3. Avoid chlorinated pools

    Chlorine is a strong oxidizing agent and irritant used to disinfected swimming pools that has been linked to various health problems, including respiratory conditions and allergies. We recommend avoiding chlorinated pools as much as possible to reduce exposure. Chlorine acts like an antibiotic, so if you do swim in chlorinated water, shower off right after so doesn’t sit and absorb into the skin and disrupt your skin and gut’s microbiome.

    4. Use spring water when available

    Fresh spring water comes from a natural source in the earth that flows to the surface and is free of contaminants and is rich in minerals. Mineral-rich water often has a neutral or slightly alkaline pH, which has been shown to help neutralize acidity in the body, reduce free radical damage and help keep bones/teeth strong and healthy. If you’re a cottage owner, double check to see if you have access to spring water!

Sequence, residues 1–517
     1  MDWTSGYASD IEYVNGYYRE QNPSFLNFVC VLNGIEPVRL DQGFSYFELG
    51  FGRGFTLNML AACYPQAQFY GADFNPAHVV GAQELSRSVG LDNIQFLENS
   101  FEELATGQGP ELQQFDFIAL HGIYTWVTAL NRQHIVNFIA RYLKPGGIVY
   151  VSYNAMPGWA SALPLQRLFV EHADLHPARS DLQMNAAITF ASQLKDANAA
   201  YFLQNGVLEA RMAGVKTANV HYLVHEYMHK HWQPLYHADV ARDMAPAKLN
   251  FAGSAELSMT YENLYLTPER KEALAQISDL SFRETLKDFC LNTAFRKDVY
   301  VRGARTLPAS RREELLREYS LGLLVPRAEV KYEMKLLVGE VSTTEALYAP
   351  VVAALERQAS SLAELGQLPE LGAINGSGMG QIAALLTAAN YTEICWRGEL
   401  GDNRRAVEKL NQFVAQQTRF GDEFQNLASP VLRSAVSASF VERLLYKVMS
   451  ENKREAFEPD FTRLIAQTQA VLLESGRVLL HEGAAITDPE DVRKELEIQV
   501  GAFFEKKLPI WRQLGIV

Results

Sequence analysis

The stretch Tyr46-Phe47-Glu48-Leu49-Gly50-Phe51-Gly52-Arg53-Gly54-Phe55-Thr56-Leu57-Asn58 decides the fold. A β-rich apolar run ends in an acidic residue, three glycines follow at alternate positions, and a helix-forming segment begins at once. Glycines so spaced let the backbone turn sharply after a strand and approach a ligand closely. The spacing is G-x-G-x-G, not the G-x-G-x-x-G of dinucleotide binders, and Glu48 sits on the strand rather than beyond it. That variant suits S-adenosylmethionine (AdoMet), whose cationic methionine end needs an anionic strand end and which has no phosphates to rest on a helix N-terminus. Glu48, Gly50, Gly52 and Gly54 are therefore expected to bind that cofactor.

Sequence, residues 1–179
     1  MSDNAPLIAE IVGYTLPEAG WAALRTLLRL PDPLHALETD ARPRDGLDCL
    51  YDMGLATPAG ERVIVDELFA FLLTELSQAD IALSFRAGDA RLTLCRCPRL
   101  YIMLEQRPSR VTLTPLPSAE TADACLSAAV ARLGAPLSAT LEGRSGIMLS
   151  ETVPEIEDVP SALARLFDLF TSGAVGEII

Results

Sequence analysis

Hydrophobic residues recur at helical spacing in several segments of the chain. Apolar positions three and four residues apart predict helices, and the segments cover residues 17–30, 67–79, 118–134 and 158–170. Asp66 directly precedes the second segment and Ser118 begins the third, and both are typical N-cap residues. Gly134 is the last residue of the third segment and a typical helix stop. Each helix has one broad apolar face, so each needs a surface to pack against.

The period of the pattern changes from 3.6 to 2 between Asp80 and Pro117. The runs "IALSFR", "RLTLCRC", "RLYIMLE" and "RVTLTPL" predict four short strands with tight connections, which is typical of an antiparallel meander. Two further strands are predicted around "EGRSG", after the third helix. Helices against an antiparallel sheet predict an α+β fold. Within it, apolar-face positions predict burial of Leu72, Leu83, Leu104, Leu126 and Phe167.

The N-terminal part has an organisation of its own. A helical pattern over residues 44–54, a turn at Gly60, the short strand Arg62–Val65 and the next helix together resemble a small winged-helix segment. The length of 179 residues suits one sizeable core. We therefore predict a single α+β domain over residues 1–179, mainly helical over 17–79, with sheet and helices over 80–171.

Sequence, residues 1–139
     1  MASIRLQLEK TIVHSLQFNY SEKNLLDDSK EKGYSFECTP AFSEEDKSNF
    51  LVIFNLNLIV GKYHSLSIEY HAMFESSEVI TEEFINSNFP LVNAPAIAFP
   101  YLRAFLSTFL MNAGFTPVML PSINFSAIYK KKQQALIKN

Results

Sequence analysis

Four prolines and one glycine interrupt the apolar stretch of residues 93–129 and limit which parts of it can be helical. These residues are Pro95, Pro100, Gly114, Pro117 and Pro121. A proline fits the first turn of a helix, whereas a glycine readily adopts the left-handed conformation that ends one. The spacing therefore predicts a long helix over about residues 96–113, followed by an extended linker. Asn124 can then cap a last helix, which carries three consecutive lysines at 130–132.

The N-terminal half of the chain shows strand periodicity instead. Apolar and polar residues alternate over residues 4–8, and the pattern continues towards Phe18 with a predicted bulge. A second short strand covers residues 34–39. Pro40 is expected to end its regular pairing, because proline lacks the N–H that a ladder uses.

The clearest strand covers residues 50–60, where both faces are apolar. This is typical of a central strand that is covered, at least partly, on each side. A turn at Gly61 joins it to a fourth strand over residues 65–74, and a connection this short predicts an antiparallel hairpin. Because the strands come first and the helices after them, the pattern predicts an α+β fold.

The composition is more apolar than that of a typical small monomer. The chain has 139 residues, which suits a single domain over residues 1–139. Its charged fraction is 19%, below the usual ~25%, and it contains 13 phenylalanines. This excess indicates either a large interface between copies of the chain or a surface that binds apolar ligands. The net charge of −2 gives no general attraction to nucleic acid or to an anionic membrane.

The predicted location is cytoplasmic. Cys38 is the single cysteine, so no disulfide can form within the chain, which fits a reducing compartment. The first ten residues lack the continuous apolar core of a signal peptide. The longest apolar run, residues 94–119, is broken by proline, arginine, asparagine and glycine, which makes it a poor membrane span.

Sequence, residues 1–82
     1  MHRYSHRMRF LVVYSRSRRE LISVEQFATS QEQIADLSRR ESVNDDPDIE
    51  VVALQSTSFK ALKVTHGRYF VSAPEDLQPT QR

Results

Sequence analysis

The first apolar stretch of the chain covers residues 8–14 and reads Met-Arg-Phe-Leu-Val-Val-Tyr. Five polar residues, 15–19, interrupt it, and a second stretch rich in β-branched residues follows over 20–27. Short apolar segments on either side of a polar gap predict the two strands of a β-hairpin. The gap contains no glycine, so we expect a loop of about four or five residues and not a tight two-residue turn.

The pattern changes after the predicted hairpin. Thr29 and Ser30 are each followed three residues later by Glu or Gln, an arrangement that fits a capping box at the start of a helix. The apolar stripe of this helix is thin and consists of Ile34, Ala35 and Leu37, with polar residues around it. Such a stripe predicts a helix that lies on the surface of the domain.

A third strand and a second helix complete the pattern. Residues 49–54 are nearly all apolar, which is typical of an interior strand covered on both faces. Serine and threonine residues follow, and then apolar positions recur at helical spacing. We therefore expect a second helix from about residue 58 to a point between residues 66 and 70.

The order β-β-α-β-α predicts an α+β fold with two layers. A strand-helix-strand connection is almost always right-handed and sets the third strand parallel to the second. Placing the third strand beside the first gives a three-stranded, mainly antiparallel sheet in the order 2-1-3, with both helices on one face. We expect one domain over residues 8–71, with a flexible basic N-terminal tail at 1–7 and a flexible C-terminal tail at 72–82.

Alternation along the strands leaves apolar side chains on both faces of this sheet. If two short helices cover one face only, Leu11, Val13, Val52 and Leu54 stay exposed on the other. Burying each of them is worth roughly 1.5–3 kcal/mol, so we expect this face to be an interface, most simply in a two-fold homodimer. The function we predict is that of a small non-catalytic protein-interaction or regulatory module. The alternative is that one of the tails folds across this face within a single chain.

5. Choose “alive” water vs. “dead” water

    Living water is water that has tumbled over rocks, waterfalls, streams etc, causing it to flow in specific ways and absorb the minerals & energy of the ground underneath it. As a result of this process, the water becomes more fresh, vibrant and energetically alive. Research shows that living water has anti-aging properties, can increase cell performance, enhance your energy levels and can benefit your overall health. If you don’t have access to spring water, you can throw a pinch of pink sea salt into your water to re-mineralize it since it comes from a natural, living source.

    6. Drink sparkling mineral water

    As you may have guessed from it’s name, sparkling mineral water contains a variety of health-promoting minerals, such as magnesium, calcium and potassium. It also contains bicarbonate which helps buffer acidity. Alkalinity has been associated with disease prevention and helps with blood sugar regulation. For all of you soda drinkers out there, opting for a sugar-free, unflavored sparkling mineral water (ideally in a glass bottle!) is a much healthier and safer alternative.

     


    About The Movement Boutique in Toronto – Pilates, Chiropractic, Functional Medicine

    TMB The Movement Boutique